If you don't pay much attention to baseball, but still read our blog (Hi Mom!), you might not realize that there's a shortstop that goes by the name of Jose Reyes having an MVP-caliber season for the Mets. He's batting a Gonzalez-esque .354 with 30 stolen bases, 65 runs scored, 35 RBI's with a career-high .927 OPS.
The Mets should be thrilled to have a 28-year old short stop putting up those kinds of numbers. Except, their organization is in shambles. It's sad really. Despite the fact that they would prefer to keep Reyes (who's a free agent after this season) they'll surely let him go for the right offer. Here's a decent story on why the Mets will trade him, from SI.com.
Since we have a world-class shortstop who's available and in line for a gigantic contract, the Reyes-to-Boston rumors are about to run rampant. The Globe's Nick Cafardo is onboard:
You don’t go out and obtain Adrian Gonzalez and Carl Crawford to finish second to the Yankees. You get those guys because you’ve committed to winning it all. And to not finish things off would be foolish.
From this perspective, they should load up the truck of prospects and send them to the Mets for shortstop Jose Reyes.
“I know that everyone seems to think the Red Sox are going to bring in Carlos Beltran, or that they need a pitcher, but today proved to me that their biggest need is to get Reyes and solidify that shortstop position,’’ said an American League scout who watched the Sox beat the Rays, 9-5, yesterday at Tropicana Field. “They don’t need much here. And if their pitchers all come back in due time, they probably don’t need to go there. What they need is an impact player at that very crucial position on the field. And there’s nobody better than Reyes right now.’’
To make this move, you can say goodbye to Jose Iglesias. I imagine he'd be the centerpiece of the trade, and even if not, with Reyes in place, Iglesias has no future in Boston. This saddens me. I can't recall being more excited for a young player than I am for Iglesias. I just think he's the bees knees.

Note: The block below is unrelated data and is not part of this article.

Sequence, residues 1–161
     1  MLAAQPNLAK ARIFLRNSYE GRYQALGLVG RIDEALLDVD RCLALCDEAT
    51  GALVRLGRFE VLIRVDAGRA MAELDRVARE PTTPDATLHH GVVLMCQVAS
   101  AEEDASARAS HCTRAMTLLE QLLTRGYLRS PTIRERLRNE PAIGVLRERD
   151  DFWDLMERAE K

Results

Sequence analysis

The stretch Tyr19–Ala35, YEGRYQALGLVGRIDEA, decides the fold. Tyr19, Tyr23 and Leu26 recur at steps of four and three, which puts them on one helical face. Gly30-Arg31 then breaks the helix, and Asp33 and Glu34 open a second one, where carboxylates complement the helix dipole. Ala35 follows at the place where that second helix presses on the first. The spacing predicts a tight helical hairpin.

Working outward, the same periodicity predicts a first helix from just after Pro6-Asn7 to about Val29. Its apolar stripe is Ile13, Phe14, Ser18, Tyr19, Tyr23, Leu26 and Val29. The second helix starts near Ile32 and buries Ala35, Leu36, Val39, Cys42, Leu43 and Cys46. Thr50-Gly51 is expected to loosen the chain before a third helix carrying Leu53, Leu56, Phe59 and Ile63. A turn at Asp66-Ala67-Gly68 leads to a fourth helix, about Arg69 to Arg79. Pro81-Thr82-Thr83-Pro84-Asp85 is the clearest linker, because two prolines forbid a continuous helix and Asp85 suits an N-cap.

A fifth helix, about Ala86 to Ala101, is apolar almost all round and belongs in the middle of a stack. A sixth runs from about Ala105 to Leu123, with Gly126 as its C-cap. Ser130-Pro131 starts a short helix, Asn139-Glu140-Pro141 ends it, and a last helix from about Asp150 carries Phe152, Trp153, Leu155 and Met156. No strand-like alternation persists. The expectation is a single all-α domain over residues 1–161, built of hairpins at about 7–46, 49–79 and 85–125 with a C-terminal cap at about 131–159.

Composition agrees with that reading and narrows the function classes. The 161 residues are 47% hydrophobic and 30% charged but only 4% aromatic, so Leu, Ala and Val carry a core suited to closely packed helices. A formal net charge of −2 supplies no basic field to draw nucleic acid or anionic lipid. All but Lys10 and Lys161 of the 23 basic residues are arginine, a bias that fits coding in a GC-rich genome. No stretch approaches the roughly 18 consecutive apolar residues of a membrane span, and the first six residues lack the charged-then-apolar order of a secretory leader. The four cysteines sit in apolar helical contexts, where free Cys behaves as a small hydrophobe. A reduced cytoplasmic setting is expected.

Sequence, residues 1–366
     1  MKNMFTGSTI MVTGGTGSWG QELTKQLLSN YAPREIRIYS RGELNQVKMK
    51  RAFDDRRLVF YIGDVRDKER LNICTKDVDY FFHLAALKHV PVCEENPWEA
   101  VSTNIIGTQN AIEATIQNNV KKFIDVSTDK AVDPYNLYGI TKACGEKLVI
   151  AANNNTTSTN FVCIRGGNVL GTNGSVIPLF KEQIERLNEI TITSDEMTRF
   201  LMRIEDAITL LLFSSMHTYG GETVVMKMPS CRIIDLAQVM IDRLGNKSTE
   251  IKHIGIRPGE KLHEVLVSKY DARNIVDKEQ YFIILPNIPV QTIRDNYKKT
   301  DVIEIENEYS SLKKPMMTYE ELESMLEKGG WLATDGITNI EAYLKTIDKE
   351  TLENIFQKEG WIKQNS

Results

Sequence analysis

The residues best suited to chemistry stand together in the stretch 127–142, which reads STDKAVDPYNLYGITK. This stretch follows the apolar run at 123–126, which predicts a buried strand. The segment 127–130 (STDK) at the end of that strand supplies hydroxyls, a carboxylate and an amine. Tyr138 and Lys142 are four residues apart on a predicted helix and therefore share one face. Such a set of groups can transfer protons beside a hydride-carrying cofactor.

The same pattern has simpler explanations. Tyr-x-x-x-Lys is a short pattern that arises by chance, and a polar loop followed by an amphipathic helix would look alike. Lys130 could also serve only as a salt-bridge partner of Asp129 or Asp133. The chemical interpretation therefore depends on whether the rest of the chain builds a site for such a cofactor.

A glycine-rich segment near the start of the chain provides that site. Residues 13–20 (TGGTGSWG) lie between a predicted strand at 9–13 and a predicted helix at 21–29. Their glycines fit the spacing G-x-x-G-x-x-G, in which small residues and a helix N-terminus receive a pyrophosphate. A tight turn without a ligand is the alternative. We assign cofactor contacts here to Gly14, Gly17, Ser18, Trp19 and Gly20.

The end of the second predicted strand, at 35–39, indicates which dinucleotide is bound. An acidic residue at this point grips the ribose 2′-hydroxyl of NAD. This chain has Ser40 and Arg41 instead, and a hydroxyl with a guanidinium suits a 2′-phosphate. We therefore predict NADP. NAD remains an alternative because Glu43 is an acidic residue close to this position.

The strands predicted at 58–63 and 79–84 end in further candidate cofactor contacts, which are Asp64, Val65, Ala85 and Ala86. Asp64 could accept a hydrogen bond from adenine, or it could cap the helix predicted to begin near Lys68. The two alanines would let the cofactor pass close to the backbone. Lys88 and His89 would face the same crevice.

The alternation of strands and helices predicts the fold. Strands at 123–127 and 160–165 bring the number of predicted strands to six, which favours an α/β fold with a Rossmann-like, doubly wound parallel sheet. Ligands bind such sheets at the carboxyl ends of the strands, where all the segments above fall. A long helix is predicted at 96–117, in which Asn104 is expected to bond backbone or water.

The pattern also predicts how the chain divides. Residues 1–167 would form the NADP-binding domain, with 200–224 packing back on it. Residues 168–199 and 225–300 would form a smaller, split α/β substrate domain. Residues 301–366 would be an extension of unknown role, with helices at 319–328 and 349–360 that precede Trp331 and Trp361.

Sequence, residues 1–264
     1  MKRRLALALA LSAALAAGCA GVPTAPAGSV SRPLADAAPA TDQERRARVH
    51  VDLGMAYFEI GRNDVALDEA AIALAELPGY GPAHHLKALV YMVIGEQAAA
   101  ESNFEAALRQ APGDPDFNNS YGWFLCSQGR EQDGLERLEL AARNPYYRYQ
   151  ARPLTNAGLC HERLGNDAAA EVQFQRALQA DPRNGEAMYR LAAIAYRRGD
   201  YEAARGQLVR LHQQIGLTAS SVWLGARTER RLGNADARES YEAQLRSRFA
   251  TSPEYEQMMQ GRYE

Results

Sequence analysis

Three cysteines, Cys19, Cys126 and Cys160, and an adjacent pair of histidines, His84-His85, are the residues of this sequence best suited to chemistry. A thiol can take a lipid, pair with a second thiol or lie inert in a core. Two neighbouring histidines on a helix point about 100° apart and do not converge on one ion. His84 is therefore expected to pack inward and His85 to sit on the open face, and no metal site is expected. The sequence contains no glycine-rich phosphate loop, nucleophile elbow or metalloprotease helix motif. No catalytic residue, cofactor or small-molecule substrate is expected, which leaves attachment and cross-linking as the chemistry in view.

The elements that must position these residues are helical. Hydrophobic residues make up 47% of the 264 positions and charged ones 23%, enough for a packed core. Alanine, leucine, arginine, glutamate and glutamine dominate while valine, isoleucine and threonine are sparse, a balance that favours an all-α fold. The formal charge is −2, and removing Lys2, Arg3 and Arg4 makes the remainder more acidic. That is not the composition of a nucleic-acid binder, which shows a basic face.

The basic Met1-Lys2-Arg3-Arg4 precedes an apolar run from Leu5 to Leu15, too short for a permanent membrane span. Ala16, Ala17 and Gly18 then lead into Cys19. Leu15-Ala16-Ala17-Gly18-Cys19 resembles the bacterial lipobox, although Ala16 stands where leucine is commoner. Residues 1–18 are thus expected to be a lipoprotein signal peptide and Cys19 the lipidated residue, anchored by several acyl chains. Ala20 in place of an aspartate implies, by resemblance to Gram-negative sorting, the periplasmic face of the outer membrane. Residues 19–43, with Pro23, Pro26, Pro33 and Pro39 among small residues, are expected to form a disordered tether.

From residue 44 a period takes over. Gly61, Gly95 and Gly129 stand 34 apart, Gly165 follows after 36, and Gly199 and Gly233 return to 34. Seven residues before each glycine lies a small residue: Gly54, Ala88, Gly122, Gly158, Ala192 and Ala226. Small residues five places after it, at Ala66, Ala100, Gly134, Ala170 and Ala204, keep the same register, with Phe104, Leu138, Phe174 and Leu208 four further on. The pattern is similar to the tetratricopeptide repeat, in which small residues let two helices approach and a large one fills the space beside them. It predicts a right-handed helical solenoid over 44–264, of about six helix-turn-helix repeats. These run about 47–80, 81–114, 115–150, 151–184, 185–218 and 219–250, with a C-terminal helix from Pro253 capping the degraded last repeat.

And the last time I checked, sans Reyes, the Sox are still leading the Yankees (despite all the troubles with the rotation). So we can knock off the "finish second to Yankees" talk right now. Top-to-bottom, we're a better team. And more importantly, the Yankees are aging quickly. If either of us needs to make some moves, it's New York.
But the bigger issue is that, with this move, we'd essentially be selling our souls. Last week Scott wrote about how we don't need All-Stars at every single position like the Yankees demand, and it's a great point. We'll never have the payroll cap of the Pirates, but we (and others) have already proved several times that you don't need to match the Yankees spending to beat them. You just need a front office that knows when and where to spend those dollars, and groom your in-house talent. You don't just open your wallet anytime someone becomes available.
This isn't to say that, were Theo to trade for Reyes, that I wouldn't welcome him. Sure I would. Not only is he a fantastic player, but he's exciting as hell to watch. He'd take our lineup from ridiculous to ludicrous. And, at the end of the day, I don't really care how much of John Henry's personal savings account he unloads unto the Sox. If he wants to pay for another $100 million deal, who am I to tell him no?
But when your farm system turns into nothing more than a holding cell for trade chips, some of the life is sucked from the organization. It wouldn't take me long to learn to love Reyes. But I'll never have the same emotional attachment to him as I do that other Jose -- Iglesias. It's the same reason I was unsure about the KG trade, and still watch Utah Jazz games to check in on Al Jefferson.
If the Sox do make this hypothetical trade, maybe it'll get us another World Series trophy. But unlike the Celtics pre-KG, the Sox are well equiped to get that trophy without Reyes.